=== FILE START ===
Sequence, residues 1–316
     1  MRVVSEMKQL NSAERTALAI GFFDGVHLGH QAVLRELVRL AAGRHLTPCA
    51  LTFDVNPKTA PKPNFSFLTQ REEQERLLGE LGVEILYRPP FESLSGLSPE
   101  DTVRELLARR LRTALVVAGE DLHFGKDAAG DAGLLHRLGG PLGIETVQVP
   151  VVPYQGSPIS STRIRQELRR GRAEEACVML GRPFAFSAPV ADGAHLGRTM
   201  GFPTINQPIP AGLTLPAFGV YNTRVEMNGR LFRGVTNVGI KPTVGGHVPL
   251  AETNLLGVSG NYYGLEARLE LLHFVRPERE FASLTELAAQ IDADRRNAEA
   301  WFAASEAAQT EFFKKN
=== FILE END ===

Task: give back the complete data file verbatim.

Sequence, residues 1–316
     1  MRVVSEMKQL NSAERTALAI GFFDGVHLGH QAVLRELVRL AAGRHLTPCA
    51  LTFDVNPKTA PKPNFSFLTQ REEQERLLGE LGVEILYRPP FESLSGLSPE
   101  DTVRELLARR LRTALVVAGE DLHFGKDAAG DAGLLHRLGG PLGIETVQVP
   151  VVPYQGSPIS STRIRQELRR GRAEEACVML GRPFAFSAPV ADGAHLGRTM
   201  GFPTINQPIP AGLTLPAFGV YNTRVEMNGR LFRGVTNVGI KPTVGGHVPL
   251  AETNLLGVSG NYYGLEARLE LLHFVRPERE FASLTELAAQ IDADRRNAEA
   301  WFAASEAAQT EFFKKN